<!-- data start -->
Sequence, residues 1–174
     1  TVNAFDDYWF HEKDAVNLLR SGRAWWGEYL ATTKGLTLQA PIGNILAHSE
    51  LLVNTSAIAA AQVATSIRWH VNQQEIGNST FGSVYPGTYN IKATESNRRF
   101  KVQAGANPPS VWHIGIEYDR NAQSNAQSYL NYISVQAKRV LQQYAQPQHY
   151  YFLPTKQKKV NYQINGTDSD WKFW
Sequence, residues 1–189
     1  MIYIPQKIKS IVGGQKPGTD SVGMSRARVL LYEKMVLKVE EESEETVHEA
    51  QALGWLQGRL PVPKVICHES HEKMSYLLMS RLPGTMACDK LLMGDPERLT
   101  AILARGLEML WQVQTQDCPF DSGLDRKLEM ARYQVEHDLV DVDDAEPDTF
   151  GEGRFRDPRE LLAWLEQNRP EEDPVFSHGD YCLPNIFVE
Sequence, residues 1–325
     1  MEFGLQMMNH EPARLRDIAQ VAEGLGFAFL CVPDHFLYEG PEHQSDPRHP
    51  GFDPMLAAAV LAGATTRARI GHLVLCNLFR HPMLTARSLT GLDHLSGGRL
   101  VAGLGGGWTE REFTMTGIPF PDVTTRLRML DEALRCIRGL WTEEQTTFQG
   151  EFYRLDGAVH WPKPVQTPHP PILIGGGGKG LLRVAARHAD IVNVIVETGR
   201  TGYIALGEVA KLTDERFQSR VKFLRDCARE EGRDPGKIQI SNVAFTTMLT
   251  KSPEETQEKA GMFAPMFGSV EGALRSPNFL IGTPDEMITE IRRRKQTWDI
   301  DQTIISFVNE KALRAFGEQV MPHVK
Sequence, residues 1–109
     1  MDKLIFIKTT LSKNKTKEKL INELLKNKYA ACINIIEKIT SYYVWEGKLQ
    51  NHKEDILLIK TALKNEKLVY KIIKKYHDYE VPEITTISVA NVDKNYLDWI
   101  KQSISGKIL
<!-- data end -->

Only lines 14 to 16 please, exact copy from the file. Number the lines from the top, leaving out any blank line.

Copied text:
   101  VAGLGGGWTE REFTMTGIPF PDVTTRLRML DEALRCIRGL WTEEQTTFQG
   151  EFYRLDGAVH WPKPVQTPHP PILIGGGGKG LLRVAARHAD IVNVIVETGR
   201  TGYIALGEVA KLTDERFQSR VKFLRDCARE EGRDPGKIQI SNVAFTTMLT